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tunalover (Mechanical) (OP)
1 Apr 06 7:44
Folks-

How is this done?  You can't create the datum to either the small diameter of the large diameter because the center of a circle is a point.  ON the other hand with a normal hole if you assign a datum to the diameter then you've got a valid datum axis where the center of the cylinder is an axis.

It was suggested to assign, say, C to one diameter and, say, D to the other.  The axis would then be the compound datum C-D.  The problem with that is that there is no precedent in Y14.5M establishing a datum POINT!

This is such a common case in real life that it amazes me that Y14.5M hasn't covered it!

Tunalover

ringman (Mechanical)
1 Apr 06 12:11
Not 100 % sure that I understand the problem.  But, if I do, there are examples of using datum target points to get C and D and subsequently axis C-D.  You could then relate the C-D to whatever feature you desired.
TheTick (Mechanical)
1 Apr 06 12:21
Assign the datum to the conic surface.

editorial comment
A countersink seems like an awfully flaky feature to use as a datum.  Difficult to pick up with a gage, lots of variance in a small zone for CMM.  Why not use the hole and not the c'sink?
ctopher (Mechanical)
1 Apr 06 18:19
Datum the c'sink hole. If there is not a hole, datum the bigger dia of the C'sink then dim the angle. I would not datum both dia's of the C'sink.

Chris
Systems Analyst, I.S.
SolidWorks/PDMWorks 05
AutoCAD 06
ctopher's home site (updated 06-21-05)
FAQ559-1100
FAQ559-716

tunalover (Mechanical) (OP)
1 Apr 06 23:27
Correction:  forget I said "countersink."  The hole is tapered.

Tunalover

MikeHalloran (Mechanical)
1 Apr 06 23:57
Because of chamfers and/or edge radii, the ends of a hole do not actually exist, so they don't make good datums.

I don't know what 14.5 has to say about it, but the traditional way of measuring the location of a tapered hole or using it as a datum is with a gage ball of specified diameter, the diameter usually being chosen so the ball stops halfway through the cone.

Mike Halloran
Pembroke Pines, FL, USA

tunalover (Mechanical) (OP)
2 Apr 06 12:09
TheTick-
From a functional standpoint, hole centers are often good choices for datums especially for the control of coaxial features.  It follows then that tapered holes often serve as natural and functionally-significant datums.
I've always held that functionality carries 85% of the weight when choosing datums!  Inspectability carries the remaining 15%.

 

Tunalover

TheTick (Mechanical)
2 Apr 06 15:53
Hole centers work well enough.  My concern would be the quality of the c'sink surface.  It would need to be a high quality cut to be used as a reliable datum.  No chattering and well-centered on its respective hole.

Mike H's gage ball idea would work well enough, though again depending on the quaity of the cut.
tunalover (Mechanical) (OP)
2 Apr 06 16:00
ringman-
Where are these examples you mention?

Tunalover

ringman (Mechanical)
2 Apr 06 17:26
Tunalover,

Try Fig. 4-34 on page 76.  
tunalover (Mechanical) (OP)
2 Apr 06 17:39
ringman-
Are you referring to Y14.5M-1994?

Tunalover

ringman (Mechanical)
2 Apr 06 20:12
Yes
MechNorth (Mechanical)
22 Jun 06 22:05
Conical features are frequently used in tool holders and on self-aligning tools, and are completely valid as datum features.  Put the datum feature callout on the conical surface or on a leader extending away from it.  A cone actually produces a datum axis and a datum plane; this gives you three mutually perpendicular planes to work from.  The first two planes result from the axis...no surprise there...the datum plane (the third plane) is located at the vertex of the cone.  The vertex is a useless point because you can't stabilize anything there, and often doesn't physically exist because the cone is truncated.  To get around this automatic generation of the secondary datum plane (the third plane), you may need to clearly specify a limitation/exclusion on the drawing.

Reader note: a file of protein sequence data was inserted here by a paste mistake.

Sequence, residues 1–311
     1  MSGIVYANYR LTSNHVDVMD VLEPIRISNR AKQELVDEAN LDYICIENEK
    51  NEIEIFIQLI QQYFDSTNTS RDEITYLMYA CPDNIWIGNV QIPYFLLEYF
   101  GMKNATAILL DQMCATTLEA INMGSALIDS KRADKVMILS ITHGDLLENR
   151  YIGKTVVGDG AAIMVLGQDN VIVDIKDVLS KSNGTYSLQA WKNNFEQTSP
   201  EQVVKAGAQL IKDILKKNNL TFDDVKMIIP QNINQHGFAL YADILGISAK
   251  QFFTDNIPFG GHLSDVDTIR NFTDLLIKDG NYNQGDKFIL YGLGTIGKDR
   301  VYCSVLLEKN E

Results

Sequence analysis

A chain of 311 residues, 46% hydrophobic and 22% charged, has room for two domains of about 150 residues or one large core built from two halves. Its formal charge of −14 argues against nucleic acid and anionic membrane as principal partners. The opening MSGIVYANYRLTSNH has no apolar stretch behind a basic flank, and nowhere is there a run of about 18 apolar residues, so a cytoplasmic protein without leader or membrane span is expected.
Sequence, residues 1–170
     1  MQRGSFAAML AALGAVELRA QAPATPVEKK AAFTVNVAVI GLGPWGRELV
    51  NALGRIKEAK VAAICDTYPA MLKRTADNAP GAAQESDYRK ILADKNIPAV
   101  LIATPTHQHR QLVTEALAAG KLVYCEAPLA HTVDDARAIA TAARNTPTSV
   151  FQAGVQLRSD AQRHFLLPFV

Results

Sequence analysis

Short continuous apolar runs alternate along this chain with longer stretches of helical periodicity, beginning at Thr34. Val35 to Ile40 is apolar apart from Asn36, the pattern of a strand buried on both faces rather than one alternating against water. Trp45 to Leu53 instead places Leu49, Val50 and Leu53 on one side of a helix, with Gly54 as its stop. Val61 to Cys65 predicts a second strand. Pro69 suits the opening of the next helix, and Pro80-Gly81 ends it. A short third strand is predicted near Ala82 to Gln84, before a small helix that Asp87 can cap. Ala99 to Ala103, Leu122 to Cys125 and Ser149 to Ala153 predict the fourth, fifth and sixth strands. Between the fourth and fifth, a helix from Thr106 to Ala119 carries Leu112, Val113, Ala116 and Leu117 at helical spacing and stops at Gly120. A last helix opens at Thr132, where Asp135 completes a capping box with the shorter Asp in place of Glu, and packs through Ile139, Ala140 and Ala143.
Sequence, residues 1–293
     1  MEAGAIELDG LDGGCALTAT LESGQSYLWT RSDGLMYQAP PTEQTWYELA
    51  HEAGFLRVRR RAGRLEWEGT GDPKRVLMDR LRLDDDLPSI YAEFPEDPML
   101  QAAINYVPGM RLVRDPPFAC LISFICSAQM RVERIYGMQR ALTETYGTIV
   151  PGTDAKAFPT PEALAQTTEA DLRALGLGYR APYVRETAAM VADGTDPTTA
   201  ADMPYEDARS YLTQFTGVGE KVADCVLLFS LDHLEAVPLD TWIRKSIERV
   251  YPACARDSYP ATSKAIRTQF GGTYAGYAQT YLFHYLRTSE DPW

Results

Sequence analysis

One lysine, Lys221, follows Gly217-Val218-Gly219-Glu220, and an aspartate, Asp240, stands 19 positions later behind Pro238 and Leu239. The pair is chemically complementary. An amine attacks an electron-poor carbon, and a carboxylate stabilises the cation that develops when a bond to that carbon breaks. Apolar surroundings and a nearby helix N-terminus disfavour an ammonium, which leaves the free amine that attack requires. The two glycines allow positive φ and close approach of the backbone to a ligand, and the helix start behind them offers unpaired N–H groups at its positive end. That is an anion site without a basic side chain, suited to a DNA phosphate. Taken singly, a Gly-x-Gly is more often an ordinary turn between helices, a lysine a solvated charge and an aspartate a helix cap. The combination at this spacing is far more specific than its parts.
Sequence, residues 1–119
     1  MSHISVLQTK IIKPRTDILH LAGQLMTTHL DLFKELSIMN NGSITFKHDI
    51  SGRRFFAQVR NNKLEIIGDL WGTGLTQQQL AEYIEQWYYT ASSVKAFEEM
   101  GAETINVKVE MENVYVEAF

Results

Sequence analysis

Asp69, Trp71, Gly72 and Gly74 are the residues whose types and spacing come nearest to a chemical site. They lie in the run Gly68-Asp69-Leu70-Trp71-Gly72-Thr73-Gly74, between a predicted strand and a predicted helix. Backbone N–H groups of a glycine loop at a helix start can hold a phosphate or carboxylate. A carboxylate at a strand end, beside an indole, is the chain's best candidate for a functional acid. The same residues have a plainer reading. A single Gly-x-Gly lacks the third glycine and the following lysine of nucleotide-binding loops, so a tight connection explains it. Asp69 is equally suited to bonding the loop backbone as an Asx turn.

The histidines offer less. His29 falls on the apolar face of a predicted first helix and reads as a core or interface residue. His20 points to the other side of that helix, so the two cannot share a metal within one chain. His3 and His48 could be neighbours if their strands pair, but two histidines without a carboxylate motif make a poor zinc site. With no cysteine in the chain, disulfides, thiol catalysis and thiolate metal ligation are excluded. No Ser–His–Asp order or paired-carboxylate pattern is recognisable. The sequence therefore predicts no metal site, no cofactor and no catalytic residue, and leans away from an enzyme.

Assuming that you want the axis to be the primary datum feature, select the conical surface as the primary datum feature and include a note under the datum callout (or in an addendum or note elsewhere) indicating that the axis is only being used to generate the primary datum (axis); then label another feature as the secondary datum.  In the FCF, include the primary datum and secondary datum (and tertiary as needed to clock the part).
It's easier if the cone's axis can be the secondary datum; the primary datum will already override the datum plane that would otherwise have been generated at the vertex.

Another option, rather than using the entire surface of the cone is to use a series of datum targets.  A ring (usually 5 points MIN to catch lobing effects) of targets at a location near one end of the cone and a ring (an odd number of points, but more points than at the first ring) of targets near the other end of the cone will be used, with the RESULTANT axis being used as the datum. (Note, the RESULTANT axis DOES NOT correspond to the actual axis of the part).

Another option that I've heard of is to use a toroidal ring to locate the center at one location (essentially line contact) on the cone, and a series of 3 or more (odd number again) points around the circumference at a substantial distance from the toroidal ring.  This method actually sets up a compound-datum which, of course, may have nothing to do with the actual axis of the part.

My preference is to specify the whole surface to generate the axis, and meet with inspection to agree on a mutually-acceptable way of establishing the datum in practice (and document it!).

Sorry it's a long answer, but it's a major topic!  Hope it helps.

Jim Sykes, P.Eng, GDTP-S
Profile Services
CAD-Documentation-GD&T-Product Development

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